Just two years ago, the idea of recommending cannabis as a medical treatment for pets was “complete nonsense”, says Los Angeles veterinarian Dr. Tim Shu.
“Cannabis and pets has always been associated with toxicology, emergency trips to the hospital and things like that…because for so long, veterinarians were saying, ‘you have to keep marijuana away from your pets, otherwise they’ll end up in the ER.’”
Saying that’s a far cry from the animal health industry’s ever-evolving relationship with cannabis today would be an understatement.
America’s cannabis-for-pets business has exploded in recent years, with new CBD-based products (from chews and tinctures to biscuits and oils) hitting the market every day.
Shu is the founder and CEO of VETCBD, a California company that makes non-psychoactive cannabis oil for cats and dogs. He says the industry’s exponential growth is in response to an increasing demand for alternative pet treatments for everything from an old dog’s debilitating arthritis to a beloved cat’s chronic seizures.
“Traditionally, a lot of our patients go on [pain] medication that can have side-effects that can affect their livers or their kidneys…some of our patients either can’t handle those traditional medications because their bodies are just too weak for it, or their owners are looking for something else because they’re concerned about the possible side effects,” says Shu.
“We know from studies and research papers over the last 30 years that there’s a lot of evidence that CBD can be beneficial and… there’s really no shortage of owners willing to try this for their pet because they’re impressed by the lack of side effects and the efficacy in comparison to a lot of the traditional prescriptions.”
Even after two years in the business, Shu himself is still surprised by the effects of cannabis-based medicine on a range of animal ailments.
While veterinarians in California aren’t legally allowed to prescribe cannabis for pets, he has been able to recommend the treatment to “thousands” of animals, and says he’s frequently taken aback by the results.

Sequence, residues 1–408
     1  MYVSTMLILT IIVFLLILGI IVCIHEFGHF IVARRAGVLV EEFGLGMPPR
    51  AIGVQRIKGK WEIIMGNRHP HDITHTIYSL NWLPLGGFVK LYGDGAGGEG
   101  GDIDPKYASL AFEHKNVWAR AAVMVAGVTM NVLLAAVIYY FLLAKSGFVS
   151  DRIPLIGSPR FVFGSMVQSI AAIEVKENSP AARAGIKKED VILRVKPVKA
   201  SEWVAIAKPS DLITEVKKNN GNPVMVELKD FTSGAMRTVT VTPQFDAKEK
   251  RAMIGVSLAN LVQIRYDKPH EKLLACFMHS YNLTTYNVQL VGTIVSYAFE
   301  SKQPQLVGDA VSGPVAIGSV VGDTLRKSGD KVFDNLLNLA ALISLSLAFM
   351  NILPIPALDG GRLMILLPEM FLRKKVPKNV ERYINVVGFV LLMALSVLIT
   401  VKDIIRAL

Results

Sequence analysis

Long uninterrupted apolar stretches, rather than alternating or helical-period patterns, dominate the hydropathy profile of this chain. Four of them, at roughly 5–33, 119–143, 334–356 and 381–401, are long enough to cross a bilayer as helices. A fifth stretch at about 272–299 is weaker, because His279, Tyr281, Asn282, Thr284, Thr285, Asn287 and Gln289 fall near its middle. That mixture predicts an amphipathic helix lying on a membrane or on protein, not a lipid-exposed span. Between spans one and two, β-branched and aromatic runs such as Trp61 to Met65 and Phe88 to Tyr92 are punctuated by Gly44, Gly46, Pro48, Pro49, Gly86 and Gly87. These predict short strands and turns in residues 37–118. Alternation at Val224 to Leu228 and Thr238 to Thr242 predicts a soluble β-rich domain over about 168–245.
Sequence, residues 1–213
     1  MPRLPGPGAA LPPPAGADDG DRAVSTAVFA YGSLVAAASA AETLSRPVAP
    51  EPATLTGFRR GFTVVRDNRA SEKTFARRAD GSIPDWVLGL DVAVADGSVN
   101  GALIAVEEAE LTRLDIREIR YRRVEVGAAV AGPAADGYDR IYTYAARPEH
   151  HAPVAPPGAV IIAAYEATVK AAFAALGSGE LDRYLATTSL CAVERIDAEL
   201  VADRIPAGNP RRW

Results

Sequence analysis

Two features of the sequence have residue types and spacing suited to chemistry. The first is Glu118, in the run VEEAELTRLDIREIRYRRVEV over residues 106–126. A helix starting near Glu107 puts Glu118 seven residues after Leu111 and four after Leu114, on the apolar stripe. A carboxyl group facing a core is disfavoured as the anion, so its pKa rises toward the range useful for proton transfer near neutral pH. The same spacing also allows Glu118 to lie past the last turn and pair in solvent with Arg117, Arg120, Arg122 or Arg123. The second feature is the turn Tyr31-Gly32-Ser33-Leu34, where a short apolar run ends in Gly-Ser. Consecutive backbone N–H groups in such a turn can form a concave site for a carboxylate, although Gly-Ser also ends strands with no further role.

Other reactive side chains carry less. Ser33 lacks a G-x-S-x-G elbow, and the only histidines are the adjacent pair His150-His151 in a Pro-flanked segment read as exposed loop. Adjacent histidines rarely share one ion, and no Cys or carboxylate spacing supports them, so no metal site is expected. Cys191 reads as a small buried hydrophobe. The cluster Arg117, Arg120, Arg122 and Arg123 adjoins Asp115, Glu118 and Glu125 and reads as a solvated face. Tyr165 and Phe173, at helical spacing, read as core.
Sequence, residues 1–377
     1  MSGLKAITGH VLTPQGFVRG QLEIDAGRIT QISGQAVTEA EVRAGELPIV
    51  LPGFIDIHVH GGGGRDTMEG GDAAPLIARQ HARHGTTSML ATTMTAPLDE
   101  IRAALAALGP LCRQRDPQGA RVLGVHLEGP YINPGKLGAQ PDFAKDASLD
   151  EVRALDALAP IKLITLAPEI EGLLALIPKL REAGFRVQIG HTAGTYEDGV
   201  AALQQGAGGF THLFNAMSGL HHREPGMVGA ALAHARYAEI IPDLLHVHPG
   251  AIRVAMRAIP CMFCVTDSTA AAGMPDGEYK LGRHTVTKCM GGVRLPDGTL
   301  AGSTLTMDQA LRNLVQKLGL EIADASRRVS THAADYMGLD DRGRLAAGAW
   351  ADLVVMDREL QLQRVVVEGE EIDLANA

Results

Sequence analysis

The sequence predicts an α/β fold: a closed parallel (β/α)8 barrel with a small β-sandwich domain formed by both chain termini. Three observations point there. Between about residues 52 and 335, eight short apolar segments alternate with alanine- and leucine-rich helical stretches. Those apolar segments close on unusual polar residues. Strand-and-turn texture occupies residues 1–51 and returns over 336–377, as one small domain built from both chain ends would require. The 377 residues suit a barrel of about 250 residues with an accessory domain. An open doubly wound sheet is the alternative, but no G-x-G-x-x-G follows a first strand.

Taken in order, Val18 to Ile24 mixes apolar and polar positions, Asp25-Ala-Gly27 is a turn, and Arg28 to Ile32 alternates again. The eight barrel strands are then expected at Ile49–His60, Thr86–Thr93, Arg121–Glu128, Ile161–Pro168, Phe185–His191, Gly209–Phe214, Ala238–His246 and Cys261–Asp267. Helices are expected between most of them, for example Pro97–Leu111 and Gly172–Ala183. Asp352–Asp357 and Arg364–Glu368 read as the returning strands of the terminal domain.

“As vets, we’re in a unique situation because we’re truly advocates for our patients…it’s our duty to always find and seek out the best course of treatment available to them. If cannabis offers such a course of treatment, its our obligation to pursue that for our patients,” says Shu, whose VETCBD medicine is available in roughly 140 cannabis dispensaries across the state.
“Some of these dogs go from having multiple seizures a week to maybe once a month. That’s huge.”
Dr. Sarah Brandon is the co-founder of Canna Companion, a Washington company that makes CBD capsules for cats and dogs. In coming months, she hopes to release a line of chews and oils to respond to pet owners’ growing demands.
“The demand is definitely there and rising,” says Brandon, who started experimenting with cannabis for pets on her own pain-plagued Rottweiler.
“The more people who see how it works, the more vets that are comfortable seeing how it works and that their patients are improving and not getting worse, there’s going to be more demand.”
Similarly to Shu, Brandon finds herself consistently moved by the effects cannabis-based medicine can have on pets. She says it makes her feel like she’s doing “the right thing.”
“People will get ahold of us to say, ‘I have my friend back’,” says Brandon.
“The personality of their animal is back; their pet wants to interact again. A dog that wasn’t even able to get up and go outside unaided can now maybe walk down the block and back…it routinely brings us tears when we hear that.”
In the years to come, Brandon sees the industry continuing its upward mobility as states across the country embrace measures to legalize cannabis. She sees a focus on cannabis and animal health as a natural next step.
“I think what’s going to happen is the human world is going to get everything settled… and then there will be regulation [for pets] following what the human world does,” she says. “That’s typical of veterinary medicine and I don’t see this going any other way.”